The Use of CODIS in Sexual Assault Investigations
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CODIS or Combined DNA Index System commenced as a pilot project in the year 1990 serving 14 state and local laboratories. The DNA Identification Act of 1994 (Public Law 103 322) formalized the FBI’s authority to launch a national DNA index for law enforcement purposes. In October 1998, the FBI’s National DNA Index System (NDIS) turned into operational. CODIS, an electronic database of DNA profiles that can recognize suspects, is similar to the AFIS or Automated Fingerprint Identification System database (Loftus, 1999). CODIS is implemented as a distributed database with three hierarchical levels; local, state, and national. NDIS is the uppermost level in the CODIS hierarchy, and facilitates the laboratories participating in the CODIS Program to exchange and match up to DNA profiles on a national level. All DNA profiles begin at the local level (LDIS), then flow to the state (SDIS) and national levels. SDIS permits laboratories within states to exchange DNA profiles. The tiered approach permits state and local agencies to operate their databases according to their particular legislative or legal requirements.
When investigating rape cases, it may be required to collect and analyze the DNA of the victim’s recent consensual partners, if any, to remove them as probable contributors of DNA suspected to be from the perpetrator. If this is essential, it is significant to approach the victim with severe sensitivity and provide a full explanation of why the request is being made. When probable, the help of a qualified victim advocate should be enlisted for assistance. The analysis or testing of DNA obtained from a crime scene or a convicted offender’s DNA sample will create a DNA profile a series of numbers, each of which signifies the result from the analysis of a particular location on the chromosome called a locus. Commonly, DNA profiles submitted for searching at the national level must contain information on 13 Short Tandem Repeat (STR) loci. The STR loci approved for use in Combined DNA Index System were distinctively selected as law enforcement identification markers for the reason that they were not directly linked to any genetic code or medical condition.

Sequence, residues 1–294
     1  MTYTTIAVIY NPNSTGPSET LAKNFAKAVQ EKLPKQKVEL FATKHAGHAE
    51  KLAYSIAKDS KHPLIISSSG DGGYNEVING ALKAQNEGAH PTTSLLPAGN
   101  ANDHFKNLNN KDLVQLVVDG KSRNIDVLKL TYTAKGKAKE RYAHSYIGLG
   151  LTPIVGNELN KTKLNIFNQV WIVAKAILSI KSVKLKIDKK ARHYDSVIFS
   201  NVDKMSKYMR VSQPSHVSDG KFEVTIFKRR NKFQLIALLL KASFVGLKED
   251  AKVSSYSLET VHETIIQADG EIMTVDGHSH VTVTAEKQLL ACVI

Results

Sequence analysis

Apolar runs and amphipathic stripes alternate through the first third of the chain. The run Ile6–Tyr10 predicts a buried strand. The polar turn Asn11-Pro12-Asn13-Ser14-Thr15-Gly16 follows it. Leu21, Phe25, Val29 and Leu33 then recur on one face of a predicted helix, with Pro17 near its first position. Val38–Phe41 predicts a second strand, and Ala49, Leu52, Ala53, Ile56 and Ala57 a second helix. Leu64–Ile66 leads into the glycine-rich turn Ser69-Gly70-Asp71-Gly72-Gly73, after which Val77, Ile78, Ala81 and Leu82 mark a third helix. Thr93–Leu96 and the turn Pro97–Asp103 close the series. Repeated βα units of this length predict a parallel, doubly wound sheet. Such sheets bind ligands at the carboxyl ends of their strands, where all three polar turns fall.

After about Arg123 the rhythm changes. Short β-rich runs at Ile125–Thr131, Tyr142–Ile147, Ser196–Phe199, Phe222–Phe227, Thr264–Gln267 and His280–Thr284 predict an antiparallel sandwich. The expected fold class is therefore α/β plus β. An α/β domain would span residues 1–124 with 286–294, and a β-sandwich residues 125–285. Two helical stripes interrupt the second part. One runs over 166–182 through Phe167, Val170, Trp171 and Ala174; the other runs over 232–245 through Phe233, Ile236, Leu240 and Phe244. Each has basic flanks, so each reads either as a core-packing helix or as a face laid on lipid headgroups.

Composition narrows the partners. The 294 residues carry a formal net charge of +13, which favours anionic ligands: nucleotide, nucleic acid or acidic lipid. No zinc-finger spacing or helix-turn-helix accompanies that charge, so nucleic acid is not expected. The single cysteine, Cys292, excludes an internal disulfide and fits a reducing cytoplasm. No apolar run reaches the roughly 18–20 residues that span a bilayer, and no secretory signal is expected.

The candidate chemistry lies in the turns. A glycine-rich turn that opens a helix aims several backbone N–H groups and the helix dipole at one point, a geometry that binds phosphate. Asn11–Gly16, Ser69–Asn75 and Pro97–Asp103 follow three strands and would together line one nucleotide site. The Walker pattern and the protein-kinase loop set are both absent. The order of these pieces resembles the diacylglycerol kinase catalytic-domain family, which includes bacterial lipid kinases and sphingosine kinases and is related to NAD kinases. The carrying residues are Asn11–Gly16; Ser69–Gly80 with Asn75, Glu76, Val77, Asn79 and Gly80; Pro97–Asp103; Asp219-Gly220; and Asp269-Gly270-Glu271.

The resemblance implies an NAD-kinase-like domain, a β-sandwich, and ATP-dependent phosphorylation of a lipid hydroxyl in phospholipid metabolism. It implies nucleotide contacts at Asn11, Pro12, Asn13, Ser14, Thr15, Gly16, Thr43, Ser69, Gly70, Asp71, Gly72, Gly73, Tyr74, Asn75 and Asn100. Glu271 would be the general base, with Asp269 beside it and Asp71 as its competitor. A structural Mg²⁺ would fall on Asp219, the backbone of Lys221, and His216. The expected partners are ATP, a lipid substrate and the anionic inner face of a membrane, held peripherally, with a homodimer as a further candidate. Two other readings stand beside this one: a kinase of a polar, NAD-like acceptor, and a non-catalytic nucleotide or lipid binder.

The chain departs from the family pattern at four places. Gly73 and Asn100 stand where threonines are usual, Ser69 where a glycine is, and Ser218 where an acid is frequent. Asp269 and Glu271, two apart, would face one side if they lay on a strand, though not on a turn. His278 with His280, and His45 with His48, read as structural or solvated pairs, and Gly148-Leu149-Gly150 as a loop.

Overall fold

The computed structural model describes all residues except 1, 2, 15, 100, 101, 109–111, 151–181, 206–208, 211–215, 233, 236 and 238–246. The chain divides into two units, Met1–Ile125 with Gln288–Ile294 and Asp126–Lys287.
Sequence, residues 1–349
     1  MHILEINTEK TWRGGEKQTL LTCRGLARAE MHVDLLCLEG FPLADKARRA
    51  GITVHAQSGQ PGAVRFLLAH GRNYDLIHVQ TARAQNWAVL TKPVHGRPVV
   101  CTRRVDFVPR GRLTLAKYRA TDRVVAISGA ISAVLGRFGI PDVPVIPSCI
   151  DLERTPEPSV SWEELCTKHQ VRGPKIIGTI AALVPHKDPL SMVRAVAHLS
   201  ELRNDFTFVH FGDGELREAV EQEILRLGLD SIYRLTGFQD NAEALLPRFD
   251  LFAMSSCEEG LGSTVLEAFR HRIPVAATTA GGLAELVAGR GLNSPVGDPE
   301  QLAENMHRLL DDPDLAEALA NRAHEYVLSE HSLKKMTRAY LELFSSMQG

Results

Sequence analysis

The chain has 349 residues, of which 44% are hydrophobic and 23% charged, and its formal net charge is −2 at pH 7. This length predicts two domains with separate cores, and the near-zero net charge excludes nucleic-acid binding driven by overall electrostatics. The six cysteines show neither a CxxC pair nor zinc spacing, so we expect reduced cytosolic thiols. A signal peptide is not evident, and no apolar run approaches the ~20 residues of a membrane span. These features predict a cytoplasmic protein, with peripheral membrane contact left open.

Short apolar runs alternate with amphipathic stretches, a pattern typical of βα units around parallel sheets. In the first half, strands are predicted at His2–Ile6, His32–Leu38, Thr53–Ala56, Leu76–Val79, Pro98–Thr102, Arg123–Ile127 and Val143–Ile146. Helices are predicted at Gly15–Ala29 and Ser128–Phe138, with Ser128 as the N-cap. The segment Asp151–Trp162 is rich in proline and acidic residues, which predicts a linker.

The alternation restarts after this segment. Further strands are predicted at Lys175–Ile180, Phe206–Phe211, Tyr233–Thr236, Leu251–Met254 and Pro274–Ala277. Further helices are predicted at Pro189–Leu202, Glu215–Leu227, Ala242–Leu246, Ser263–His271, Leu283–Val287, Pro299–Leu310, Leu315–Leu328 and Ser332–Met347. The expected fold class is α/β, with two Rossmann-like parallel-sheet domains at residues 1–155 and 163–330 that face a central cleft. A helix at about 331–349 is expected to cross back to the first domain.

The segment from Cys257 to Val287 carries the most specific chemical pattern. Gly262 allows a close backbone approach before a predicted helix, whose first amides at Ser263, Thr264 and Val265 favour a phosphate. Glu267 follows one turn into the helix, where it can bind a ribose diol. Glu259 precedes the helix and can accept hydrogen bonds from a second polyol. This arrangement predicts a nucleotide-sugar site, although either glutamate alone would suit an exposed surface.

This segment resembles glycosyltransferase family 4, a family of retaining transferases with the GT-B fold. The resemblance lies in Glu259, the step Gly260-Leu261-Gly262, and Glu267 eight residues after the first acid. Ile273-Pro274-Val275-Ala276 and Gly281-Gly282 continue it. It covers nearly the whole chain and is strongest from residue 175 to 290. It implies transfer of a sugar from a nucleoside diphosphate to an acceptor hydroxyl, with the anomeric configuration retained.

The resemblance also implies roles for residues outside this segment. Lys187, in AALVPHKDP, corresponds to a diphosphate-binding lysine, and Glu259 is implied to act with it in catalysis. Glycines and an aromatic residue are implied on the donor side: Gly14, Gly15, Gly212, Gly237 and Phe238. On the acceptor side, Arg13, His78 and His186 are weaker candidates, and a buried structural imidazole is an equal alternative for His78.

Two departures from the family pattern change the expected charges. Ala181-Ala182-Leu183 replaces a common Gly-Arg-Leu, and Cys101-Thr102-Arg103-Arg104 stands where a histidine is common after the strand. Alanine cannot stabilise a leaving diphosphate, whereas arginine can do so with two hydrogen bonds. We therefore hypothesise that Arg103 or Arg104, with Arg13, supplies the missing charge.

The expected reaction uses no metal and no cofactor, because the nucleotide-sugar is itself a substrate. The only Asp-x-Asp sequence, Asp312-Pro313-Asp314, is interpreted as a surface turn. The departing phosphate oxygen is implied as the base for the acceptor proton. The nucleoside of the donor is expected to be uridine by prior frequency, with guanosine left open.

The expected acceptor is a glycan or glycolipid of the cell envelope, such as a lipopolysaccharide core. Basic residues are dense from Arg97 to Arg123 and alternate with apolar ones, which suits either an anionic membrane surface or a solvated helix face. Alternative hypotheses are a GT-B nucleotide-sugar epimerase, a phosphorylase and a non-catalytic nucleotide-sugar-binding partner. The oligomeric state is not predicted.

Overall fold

CODIS or Combined DNA Index System, an electronic database of DNA profiles that can recognize suspects, is similar to the AFIS or Automated Fingerprint Identification System database. The acronym “CODIS” is used to illustrate not only the software used to maintain and run these DNA databases but also the whole program of software support for Federal, state and local forensic laboratories as well as the a variety of indices (Forensic, Offender and Missing Person) at all three levels – national, state and local. The acronym “NDIS” stands for the National DNA Index System, one component, albeit an integral one, of the CODIS program. Every State in the Nation is in the procedure of implementing a DNA index of individuals convicted of certain crimes, such as rape, murder, and child abuse. Upon conviction and sample analysis, perpetrators’ DNA profiles are entered into the DNA database.
Just as fingerprints found at a crime scene can be run through AFIS in search of a suspect or link to another crime scene, DNA profiles from a crime scene can be entered into CODIS. Consequently, law enforcement officers have the ability to recognize probable suspects when no prior suspect existed. CODIS create investigative leads in crimes where biological evidence is recovered from the crime scene using two indexes: the forensic and offender indexes. The Forensic Index contains DNA profiles from crime scene evidence. The Offender Index contains DNA profiles of individuals convicted of sex offenses and other violent crimes with various states now expanding legislation to include other felonies. Matches made among profiles in the Forensic Index can link crime scenes together; probably identifying serial offenders. Based on a match, police in multiple jurisdictions can coordinate their respective investigations, and share the leads they developed independently. Matches made between the Forensic and Offender indexes provide investigators with the personality of the perpetrator. After Combined DNA Index System identifies a potential match, qualified DNA analysts in the laboratories contact each other to validate or refute the match.